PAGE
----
Virtualized POS — And Other Software Trends
Business Solutions, November 2009
By Mike Monocello
In a recent discussion on BSM's LinkedIn group, Don Gibson, VP of sales and marketing at Pippard, Inc., asked the question, "Can the efficiencies of virtualization be applied to POS?" The concept is simple. Change POS software from being locally installed and stored, to the cloud. Of course, hardware will still be required at the point of sale so your receipt printer, cash drawer, and bar code scanner sales shouldn't suffer. The difference may come with the PCs or all-in-ones you're selling. Of course, they'll still be needed, but if POS software virtualization takes off, the days of PC and all-in-one manufacturers one-upping one another on "bigger" and "faster" could be over — virtualized software requires significantly thinner hardware. As you can imagine, responses to the LinkedIn discussion have been very interesting and thought-provoking.
Victor Guzman, VP of sales and marketing at DataAge, believes that all mainstream software applications will move to a virtualized environment over time. "Virtualization or cloud computing makes sense for software companies because of the ease of deployment and maintenance of the product being used," he says. This means cost savings and higher profits for the developing company; therefore, you will see most applications moving in this direction. He thinks we should see a dramatic change over the next five years.
Chester Ritchie, EVP sales and marketing at CAM Commerce Solutions, agrees. "I believe we are at the very beginning of SaaS [Software as a Service] for POS," he adds. "Today, small companies are implementing it as a way to reduce start-up costs. However, lack of security, reliability, and feature sets are still factors keeping larger and medium- sized retailers from virtualizing POS right now."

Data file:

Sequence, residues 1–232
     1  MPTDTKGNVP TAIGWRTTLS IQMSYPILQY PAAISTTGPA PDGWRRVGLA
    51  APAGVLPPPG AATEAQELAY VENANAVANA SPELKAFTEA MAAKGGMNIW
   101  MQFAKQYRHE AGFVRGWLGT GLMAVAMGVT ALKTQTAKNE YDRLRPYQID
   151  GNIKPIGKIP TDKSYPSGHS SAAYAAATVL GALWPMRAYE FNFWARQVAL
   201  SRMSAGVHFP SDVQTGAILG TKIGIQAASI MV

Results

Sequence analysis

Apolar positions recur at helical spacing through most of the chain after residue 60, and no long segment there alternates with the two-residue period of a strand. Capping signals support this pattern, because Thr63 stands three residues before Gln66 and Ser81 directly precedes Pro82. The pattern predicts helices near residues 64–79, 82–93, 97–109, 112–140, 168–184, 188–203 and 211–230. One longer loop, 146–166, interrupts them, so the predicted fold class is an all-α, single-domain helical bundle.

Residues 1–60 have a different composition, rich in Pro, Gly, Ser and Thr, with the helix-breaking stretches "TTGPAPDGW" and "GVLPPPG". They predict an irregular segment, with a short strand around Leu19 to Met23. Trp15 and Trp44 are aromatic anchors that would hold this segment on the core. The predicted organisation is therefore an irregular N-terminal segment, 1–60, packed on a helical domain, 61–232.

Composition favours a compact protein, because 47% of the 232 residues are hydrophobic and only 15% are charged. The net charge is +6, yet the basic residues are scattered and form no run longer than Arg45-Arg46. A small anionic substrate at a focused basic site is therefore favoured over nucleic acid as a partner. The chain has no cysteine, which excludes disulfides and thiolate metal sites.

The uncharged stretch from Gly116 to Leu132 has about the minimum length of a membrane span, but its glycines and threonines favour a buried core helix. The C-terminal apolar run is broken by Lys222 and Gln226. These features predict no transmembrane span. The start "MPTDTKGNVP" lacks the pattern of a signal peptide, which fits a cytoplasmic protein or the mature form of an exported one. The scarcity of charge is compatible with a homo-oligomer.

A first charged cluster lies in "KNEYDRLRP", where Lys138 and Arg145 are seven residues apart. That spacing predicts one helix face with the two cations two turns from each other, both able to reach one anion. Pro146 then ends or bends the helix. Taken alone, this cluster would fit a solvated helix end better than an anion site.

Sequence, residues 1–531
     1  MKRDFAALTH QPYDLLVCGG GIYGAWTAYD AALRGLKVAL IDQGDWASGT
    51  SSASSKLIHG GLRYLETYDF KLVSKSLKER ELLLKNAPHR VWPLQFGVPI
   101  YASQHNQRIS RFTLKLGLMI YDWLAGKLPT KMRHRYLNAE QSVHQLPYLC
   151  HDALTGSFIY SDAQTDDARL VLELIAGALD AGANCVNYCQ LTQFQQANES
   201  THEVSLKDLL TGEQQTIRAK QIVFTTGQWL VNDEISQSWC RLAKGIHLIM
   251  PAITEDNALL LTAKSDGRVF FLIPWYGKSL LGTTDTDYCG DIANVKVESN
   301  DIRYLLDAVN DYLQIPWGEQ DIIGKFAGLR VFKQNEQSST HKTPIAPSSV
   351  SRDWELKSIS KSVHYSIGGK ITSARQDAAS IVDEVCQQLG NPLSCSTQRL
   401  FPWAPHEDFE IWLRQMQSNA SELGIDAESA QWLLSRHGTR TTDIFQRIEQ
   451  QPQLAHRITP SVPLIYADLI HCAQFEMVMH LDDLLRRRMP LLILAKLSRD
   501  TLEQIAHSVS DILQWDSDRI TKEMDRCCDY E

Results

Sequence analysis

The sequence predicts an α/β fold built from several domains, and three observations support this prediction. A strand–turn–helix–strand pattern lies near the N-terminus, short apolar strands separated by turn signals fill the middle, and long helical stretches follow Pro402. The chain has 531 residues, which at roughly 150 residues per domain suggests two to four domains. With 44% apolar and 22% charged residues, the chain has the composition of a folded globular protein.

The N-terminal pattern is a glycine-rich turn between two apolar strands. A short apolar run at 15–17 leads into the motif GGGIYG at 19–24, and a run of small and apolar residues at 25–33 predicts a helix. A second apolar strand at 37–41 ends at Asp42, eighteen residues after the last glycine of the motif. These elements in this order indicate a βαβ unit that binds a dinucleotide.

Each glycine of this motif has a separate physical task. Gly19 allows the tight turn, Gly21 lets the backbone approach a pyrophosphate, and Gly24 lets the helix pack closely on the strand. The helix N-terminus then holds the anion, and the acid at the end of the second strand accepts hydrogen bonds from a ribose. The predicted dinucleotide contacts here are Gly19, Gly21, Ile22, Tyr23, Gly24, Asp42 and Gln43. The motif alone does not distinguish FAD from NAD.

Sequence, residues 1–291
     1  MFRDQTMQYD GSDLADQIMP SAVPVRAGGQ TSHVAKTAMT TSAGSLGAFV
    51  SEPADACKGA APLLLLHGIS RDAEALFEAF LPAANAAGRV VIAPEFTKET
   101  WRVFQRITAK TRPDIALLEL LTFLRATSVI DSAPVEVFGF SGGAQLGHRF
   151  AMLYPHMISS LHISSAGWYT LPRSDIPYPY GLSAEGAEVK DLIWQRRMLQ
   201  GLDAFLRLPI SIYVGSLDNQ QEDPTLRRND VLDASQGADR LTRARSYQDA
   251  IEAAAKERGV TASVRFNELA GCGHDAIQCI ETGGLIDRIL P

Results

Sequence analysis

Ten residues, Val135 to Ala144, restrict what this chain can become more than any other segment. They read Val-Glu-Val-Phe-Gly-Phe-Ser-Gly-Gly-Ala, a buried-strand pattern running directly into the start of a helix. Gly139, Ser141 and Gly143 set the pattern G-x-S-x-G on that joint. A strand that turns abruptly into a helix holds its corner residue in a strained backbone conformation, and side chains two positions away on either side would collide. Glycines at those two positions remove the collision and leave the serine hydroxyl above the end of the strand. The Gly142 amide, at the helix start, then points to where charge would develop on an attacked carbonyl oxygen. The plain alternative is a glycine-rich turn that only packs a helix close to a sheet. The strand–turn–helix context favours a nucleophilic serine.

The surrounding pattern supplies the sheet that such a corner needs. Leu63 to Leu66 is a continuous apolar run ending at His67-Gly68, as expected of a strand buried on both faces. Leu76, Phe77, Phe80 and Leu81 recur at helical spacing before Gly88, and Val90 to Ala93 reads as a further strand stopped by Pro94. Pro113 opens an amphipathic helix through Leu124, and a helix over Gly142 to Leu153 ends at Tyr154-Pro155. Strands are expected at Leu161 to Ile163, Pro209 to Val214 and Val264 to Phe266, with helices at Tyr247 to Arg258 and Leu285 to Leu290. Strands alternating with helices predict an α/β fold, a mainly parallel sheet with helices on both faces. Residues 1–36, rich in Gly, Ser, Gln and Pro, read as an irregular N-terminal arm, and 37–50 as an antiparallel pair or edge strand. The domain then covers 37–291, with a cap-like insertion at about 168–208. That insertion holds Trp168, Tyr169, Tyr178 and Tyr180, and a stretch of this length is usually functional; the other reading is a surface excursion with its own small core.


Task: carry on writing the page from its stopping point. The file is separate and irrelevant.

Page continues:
Ron Gillies, distribution channel manager for Intuit, adds that real-time inventory management and maximization, as well as the ability to monitor and react to customer trends, will all be enhanced by virtualization.
What Does Virtualized POS Mean To You?
Guzman says POS dealers will have easier setup and installations because customers can be up and running with an Internet connection and data terminal. "The traditional small business will benefit from minimized downtime and corruption of mission-critical applications," he says. Ritchie adds, "Many times POS dealers will not have to go on-site to install virtualized POS devices. Since they standardized upon a web browser platform, compatibility is no longer an issue.
Virtualized POS companies today also standardize on very few POS hardware peripherals so this continues to reduce the need for on-site technical time."
Finally, Gillies says that virtualization is a way for VARs to grow their business by providing products and services to the retailer that clearly improve the efficiencies and profitability of that retailer. In addition, many of the solutions are services that allow the dealer to make an initial profit as well as enjoy an ongoing revenue stream for the life of the customer.